It amazes me how our children pick up on things that are on our minds and hearts, without us even speaking them.
Or maybe it’s just that I’m tying what they’re asking into what’s weighing on me.
Either way, Cooter and I had some interesting conversation today, while he was trying to distract me from the fact he was NOT doing his math.
“Mama, why did they execute people back when they did all that?” (We’ve been studying some Elizabethan history. Henry VIII, his wives, Lady Jane Grey–oh how I love her)
Oh me. If only that were a thing of the past.
“Well, I guess they were using it as a way to punish them for committing a crime.”
He thought for a minute. “Must have been a pretty bad thing they did, if that was the punishment.”
What do I even do with that? I chickened out.
“Well yeah, I mean, I guess they thought so at the time.”
“Why did they wear masks? The ones who were doing it?”
“I think it was to protect their identity, so no one knew who was actually doing the executing.”
A few minutes later, after he had sat daydreaming, he dropped the real bomb on me.
“Mama.” I looked up. “Do you believe in God?”
Oh. Okay. I got this one.
“Yeah. Yes. I do.”
He stared out the window. “Huh.”
What? “Well, do you, buddy?”
“Do you not believe in God?” I asked him.
He shrugged again. “I guess.”
Then he asked me the biggest question of all. Oh, to think I thought I had this.
“So is God fiction? Or non-fiction?”
“Ummm, well, since God is real, then I would have to say non-fiction. True story.”
He nodded his head.
“What about you?”
Cooter thought for a minute. Then he answered with a gentle nod and looked away, “Both.”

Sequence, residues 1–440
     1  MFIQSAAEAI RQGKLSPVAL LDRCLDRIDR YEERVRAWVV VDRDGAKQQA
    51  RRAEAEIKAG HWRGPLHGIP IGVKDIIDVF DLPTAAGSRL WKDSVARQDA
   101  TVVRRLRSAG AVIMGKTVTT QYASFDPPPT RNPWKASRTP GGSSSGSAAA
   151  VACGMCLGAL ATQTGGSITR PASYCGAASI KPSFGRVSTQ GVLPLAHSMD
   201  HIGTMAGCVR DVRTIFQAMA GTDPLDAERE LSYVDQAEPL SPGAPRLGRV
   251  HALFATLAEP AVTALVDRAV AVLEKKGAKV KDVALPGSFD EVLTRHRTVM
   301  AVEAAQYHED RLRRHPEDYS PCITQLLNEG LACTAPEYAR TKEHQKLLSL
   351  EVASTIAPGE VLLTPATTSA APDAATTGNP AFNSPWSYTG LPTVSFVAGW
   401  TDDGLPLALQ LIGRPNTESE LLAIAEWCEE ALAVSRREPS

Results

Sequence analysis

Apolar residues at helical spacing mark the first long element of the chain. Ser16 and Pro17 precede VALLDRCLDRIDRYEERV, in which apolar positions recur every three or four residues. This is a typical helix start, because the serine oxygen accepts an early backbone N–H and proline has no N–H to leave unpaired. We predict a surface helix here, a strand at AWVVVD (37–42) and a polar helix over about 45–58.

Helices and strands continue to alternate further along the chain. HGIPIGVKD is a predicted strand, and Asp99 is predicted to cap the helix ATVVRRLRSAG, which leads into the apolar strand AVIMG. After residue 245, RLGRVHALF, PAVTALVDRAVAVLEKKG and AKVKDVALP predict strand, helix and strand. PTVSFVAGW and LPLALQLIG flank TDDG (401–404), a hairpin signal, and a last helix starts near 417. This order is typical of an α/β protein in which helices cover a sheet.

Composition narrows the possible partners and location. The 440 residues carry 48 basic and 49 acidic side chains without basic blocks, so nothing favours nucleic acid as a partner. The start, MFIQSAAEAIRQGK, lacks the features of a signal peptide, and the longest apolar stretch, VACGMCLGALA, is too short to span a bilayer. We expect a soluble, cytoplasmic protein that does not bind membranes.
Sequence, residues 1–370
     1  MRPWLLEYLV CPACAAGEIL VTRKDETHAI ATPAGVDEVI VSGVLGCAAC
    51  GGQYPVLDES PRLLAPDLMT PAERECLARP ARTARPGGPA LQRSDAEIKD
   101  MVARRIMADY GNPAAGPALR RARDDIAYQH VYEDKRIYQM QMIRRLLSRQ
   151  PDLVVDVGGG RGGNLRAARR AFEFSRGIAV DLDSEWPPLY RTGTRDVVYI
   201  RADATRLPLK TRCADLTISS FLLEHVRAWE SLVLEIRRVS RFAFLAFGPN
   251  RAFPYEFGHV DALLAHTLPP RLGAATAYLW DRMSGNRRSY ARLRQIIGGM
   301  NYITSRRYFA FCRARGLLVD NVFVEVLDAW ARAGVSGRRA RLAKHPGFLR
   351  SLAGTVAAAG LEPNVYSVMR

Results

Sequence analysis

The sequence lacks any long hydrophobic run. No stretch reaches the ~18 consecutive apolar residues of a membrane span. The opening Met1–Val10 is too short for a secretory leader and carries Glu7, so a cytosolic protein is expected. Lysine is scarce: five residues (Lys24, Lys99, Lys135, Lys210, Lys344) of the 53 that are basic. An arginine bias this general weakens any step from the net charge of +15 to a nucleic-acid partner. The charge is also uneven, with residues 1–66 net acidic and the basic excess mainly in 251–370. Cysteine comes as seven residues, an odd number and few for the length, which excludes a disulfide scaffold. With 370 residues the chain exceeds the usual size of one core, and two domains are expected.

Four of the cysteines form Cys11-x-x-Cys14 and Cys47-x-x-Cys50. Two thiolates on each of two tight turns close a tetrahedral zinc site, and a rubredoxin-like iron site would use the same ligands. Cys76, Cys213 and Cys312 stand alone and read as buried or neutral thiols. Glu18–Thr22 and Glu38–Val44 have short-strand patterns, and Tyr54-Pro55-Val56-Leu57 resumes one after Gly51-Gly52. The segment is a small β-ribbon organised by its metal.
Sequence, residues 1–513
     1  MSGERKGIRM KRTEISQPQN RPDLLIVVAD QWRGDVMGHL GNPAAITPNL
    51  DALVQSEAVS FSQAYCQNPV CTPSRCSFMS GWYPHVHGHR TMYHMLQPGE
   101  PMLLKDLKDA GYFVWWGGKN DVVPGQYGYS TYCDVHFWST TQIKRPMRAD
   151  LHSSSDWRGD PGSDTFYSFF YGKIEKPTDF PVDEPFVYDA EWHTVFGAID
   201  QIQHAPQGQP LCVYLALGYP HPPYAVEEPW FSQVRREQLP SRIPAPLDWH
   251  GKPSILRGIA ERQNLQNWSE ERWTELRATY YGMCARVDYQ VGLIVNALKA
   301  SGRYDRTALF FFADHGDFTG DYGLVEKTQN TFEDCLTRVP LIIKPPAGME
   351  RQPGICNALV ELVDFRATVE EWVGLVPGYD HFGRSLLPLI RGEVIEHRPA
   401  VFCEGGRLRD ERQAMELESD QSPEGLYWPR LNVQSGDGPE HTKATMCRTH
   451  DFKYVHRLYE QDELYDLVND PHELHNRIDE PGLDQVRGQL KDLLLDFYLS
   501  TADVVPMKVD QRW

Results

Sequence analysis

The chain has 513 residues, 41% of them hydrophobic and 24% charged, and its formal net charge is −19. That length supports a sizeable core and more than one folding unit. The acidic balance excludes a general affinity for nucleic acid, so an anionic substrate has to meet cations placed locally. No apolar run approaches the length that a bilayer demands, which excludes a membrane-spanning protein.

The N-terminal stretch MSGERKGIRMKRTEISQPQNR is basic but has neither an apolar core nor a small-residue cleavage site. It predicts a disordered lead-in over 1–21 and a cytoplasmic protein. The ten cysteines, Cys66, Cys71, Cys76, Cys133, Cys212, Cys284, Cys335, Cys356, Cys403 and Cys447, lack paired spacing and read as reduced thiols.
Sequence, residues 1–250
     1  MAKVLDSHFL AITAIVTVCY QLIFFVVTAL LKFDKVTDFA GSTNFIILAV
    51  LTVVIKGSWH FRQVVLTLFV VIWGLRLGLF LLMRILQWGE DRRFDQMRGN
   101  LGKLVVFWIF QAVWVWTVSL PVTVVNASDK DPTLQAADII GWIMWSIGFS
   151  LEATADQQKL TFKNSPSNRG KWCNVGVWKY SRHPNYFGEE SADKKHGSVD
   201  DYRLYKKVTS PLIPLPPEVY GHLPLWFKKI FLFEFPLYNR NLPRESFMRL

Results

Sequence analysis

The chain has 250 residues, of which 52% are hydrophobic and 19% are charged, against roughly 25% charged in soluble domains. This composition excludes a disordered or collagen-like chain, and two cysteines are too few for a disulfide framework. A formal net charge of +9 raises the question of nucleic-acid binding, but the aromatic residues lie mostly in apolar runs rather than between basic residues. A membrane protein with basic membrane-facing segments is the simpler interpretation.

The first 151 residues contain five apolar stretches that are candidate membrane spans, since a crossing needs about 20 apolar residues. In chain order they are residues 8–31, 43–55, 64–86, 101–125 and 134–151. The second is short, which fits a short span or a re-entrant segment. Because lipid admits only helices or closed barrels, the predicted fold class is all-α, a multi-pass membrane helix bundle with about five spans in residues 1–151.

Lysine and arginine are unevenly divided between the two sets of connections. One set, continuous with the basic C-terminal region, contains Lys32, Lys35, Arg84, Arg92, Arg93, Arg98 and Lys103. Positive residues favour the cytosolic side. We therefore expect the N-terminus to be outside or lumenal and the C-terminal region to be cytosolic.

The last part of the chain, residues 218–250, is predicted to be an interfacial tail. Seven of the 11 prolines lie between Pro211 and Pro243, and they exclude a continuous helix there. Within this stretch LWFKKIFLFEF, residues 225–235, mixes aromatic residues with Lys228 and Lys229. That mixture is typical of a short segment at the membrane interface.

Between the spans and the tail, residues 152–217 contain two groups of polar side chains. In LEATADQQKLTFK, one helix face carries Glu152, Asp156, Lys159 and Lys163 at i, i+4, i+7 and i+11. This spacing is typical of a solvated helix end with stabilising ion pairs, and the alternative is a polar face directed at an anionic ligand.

As I thought back over his words and all I see and read and hear and thought about all of the brokenness, I think Cooter might have this exactly absolutely 100% right.
God, in our world today, is both fiction and non-fiction.
We have this writing, these stories, these words–this truth–in the Good Book that tell us who God is. How God is. That God is.
Then there are our hearts and our thoughts and what we say and what we do that tell a whole ‘nother story of what and who we think God is, but sometimes–much of the time–I think we might just be wayyyyyy off base.
As someone I love dearly has said, “I think we’re all going to be real surprised.”
Just like I’m surprised by the deep thinkers my children are sometimes. One minute they’re arguing over who forgot to flush and the next minute we’re talking theology and philosophy and the ramifications of the death penalty.
May today be a day of living the truth and not the stories that we tell ourselves to make things a little easier.
It might be hard, but the little ones and the not so little ones–they are paying close attention and taking notes.
Love to all.